EMAS on 2966 (was Re: Xenix on the Acorn 32016)
gtoal at gtoal.com
Sat Oct 22 22:18:35 CDT 2005
Jules Richardson <julesrichardsonuk at yahoo.co.uk> wrote:
> Graham Toal wrote:
> Now that's interesting. Having seen some of Acorn's internal source and
> the way they often worked, it seemed there was a lot of "just go ahead
> and do it" philosophy going on. Maybe someone mentioned 32000 Xenix in
> passing and then some other programmer took it upon themselves to add
> support in to the linker :)
The only programmer was Mark Taunton (also Ex Edinburgh, hence why the linker
was written in Imp, and also why the link format had a lot in common with
that of EMAS!). I think he may still be working for ARM somewhere. I bet
he'd remember. I had a listing of it because I was the only other Imp
programmer there and I was helping find a storage bug that was causing
link errors for some program of mine. (The listing has a few of my
> Again, I'll check that I don't have it on disk when I get home in a month...
It was written in Imp. I'm sure you'd remember if you'd seen it!
> > The Edinburgh collection is getting quite impressive. We also have
> > recovered locally written operating systems for the PDP9 and PDP15,
> > two O/Ses for PDP11s, Perkin Elmer 32bit, 68000s and of course the
> > big one, EMAS for ICL29XX
> That last one caught my eye, given that we have an ICL 2966 which we'd
> like to (try to) get operational one day (no mean feat, given how
> dismantled, rusty, and spread all to hell and back across lots of
> storerooms it is at the moment!).
> Seems like there are "lots" (as in more than one :) of people/places who
> know about the 1900 line, but the 29xx's seem to be largely forgotten.
> Of course a complete 1900 would be nice, but I doubt there are any left
Who is 'we' in this context? I can't imagine anyone just happening to
have an ICL mainframe lying around, never mind the power to run it or
the manpower to put it all back together again!
(Hold on a sec... quick visit to Google... aha! so you're the
curator at Bletchley Park! That explains a lot :-) Hadn't seen
your Retrobeep site before! If I were still in the UK, I'd be happy
to drop by with a shitload of Acorn hardware I grabbed before it headed
for the dumpster)
So yes, it would be fantastic to get EMAS on line again, and if your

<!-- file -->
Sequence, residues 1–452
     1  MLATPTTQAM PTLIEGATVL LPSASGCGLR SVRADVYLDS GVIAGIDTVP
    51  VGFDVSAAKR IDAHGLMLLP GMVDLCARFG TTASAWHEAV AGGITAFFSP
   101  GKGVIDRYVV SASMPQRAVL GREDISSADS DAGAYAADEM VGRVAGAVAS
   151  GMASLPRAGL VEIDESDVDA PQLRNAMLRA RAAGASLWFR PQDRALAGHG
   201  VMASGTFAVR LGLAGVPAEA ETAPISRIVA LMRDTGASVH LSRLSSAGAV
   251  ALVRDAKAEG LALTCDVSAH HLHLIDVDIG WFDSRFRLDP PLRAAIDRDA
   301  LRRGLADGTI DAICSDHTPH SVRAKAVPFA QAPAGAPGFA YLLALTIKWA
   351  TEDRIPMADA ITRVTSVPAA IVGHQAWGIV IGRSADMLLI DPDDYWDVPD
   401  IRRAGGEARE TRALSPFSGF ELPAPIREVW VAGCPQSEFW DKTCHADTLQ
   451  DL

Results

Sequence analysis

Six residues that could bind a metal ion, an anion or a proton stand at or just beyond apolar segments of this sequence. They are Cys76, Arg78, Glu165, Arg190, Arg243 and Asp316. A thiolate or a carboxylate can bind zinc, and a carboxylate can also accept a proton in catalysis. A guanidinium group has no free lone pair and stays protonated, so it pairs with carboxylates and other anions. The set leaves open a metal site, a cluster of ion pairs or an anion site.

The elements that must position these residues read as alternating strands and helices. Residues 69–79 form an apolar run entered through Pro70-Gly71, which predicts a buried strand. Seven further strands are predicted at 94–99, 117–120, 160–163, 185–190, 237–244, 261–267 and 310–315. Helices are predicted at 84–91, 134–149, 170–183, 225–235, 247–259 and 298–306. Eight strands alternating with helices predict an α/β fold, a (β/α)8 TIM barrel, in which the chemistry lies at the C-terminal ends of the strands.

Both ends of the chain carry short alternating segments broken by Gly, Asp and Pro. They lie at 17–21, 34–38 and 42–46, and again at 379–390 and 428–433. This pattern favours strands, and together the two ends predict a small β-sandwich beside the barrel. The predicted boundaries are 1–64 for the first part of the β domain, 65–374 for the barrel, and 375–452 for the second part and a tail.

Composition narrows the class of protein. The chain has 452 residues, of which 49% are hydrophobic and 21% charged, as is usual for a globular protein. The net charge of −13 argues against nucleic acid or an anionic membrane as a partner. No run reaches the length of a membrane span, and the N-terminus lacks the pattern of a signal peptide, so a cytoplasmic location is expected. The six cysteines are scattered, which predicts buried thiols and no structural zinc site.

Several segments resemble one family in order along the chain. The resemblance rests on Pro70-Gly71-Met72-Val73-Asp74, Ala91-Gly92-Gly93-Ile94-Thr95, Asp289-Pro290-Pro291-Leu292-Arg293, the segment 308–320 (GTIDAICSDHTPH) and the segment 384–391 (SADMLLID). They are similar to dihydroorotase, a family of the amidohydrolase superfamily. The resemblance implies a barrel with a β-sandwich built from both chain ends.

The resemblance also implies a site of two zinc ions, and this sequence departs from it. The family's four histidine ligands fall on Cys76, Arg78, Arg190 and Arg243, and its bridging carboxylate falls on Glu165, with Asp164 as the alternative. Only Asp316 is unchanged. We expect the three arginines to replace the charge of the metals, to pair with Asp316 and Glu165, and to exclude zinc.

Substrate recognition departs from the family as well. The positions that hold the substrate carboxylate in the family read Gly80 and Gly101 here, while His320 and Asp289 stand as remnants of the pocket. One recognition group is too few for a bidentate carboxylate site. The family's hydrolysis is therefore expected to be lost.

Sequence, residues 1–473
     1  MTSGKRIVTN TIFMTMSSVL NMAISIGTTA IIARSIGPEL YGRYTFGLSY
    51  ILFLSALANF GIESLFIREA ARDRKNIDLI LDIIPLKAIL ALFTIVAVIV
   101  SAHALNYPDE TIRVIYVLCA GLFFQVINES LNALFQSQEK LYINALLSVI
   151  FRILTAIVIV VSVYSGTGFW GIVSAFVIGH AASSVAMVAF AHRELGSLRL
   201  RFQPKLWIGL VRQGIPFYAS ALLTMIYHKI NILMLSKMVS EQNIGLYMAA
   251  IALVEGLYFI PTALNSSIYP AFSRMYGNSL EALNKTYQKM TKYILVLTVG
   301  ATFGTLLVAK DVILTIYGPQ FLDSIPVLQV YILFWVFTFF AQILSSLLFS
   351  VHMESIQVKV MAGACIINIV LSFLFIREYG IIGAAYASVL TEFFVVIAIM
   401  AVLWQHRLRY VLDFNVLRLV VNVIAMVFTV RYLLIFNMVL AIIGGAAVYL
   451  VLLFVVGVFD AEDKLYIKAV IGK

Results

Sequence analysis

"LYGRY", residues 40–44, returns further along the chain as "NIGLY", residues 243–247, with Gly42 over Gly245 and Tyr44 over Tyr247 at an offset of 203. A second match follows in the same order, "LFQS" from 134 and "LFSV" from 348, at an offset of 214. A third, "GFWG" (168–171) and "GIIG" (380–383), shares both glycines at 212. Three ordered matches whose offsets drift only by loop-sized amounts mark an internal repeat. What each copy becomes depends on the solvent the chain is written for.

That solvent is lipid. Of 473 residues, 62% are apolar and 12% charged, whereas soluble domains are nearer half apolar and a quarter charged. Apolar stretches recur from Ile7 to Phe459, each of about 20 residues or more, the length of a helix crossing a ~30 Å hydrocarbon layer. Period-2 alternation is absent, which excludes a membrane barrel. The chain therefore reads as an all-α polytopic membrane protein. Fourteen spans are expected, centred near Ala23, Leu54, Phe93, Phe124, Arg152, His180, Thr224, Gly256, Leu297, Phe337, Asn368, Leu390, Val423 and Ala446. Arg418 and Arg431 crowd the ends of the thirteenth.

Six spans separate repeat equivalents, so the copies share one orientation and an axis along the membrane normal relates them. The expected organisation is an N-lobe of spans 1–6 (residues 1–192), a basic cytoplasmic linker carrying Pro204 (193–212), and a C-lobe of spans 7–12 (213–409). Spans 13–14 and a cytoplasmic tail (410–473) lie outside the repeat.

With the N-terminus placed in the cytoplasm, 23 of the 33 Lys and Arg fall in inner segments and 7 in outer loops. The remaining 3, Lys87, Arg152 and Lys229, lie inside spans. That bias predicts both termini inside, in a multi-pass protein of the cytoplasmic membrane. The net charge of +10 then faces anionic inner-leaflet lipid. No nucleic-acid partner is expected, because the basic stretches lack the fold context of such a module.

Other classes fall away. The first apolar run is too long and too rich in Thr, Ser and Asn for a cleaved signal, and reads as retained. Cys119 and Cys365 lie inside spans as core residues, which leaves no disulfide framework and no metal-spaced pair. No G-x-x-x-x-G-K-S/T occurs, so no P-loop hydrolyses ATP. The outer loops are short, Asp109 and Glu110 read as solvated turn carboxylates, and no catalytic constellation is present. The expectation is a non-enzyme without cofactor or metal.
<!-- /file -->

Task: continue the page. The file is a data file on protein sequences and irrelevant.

hardware works, it's definitely doable because the 2900 EMAS is the
only one we actually have full binaries for! And the University
has pretty complete archives on a CD jukebox where we could go fetch
any binaries that we're missing.
What's especially lucky is that we have a boot tape, which you're
welcome to download and see how far it gets you:
We have several people on the history project who might be
interested in a project like this; If you think you might be serious,
I would encourage you to join our mailing list and tell folks what
you're thinking of and ask for volunters. Some are retired; two
unfortunately work in the US. I'll put together a list of the
people who would be relevant to this and we can contact them
individually if you decide to start up a project. I would lay odds
that if you could get funding and it became obvious that it was a
serious project, we could get help from Edinburgh University (EUCS
which used to be called ERCC) and pull in a lot more folks than just
the ones already in the History Group.
We don't have binaries for either the ICL4/75 version or any of the
later IBM mainframe (or NEC/Fujistsu/Hitachi clone) versions, so although
emulators exist for the IBM (Hercules), there would have been a major
bootstrapping problem in cross-compiling the sources to IBM binaries.
And although we had ICL2900 binaries, we have no ICL2900 emulator.
It never occurred to me that we might find 2900 hardware somewhere. This
could be a major break for our project if you decide to run with it
and the hardware can be made serviceable. Also a working system would
be the perfect place to start from to write a 2900 emulator.
The biggest obstacle that I can think of would be building a disk
image with all the relevant files on it. We have them as individual
files, not as a disk image. But we have *major* amounts of source
code and even an Imp compiler, so we ought to be able to hack the
disk drivers around and create a user-level program to build a disk
Incidentally, I discovered an ICL engineer on the net today, who worked
on the EMAS hardware:
- I'll be dropping him an email this evening to tell him about the
Edinburgh project. If you start up a 2900 project, he sounds like
someone well worth speaking to.
Let's talk more about this, either here or offline, or preferably
on the Edinburgh group at
PS Does Bletchley have any systems that can read DECtapes? We still
have a few tapes in our project from the PDP9 and others which we've
never read back in. Including one for an operating system called
"DECsys" which I believe some of the guys on this list are desperate
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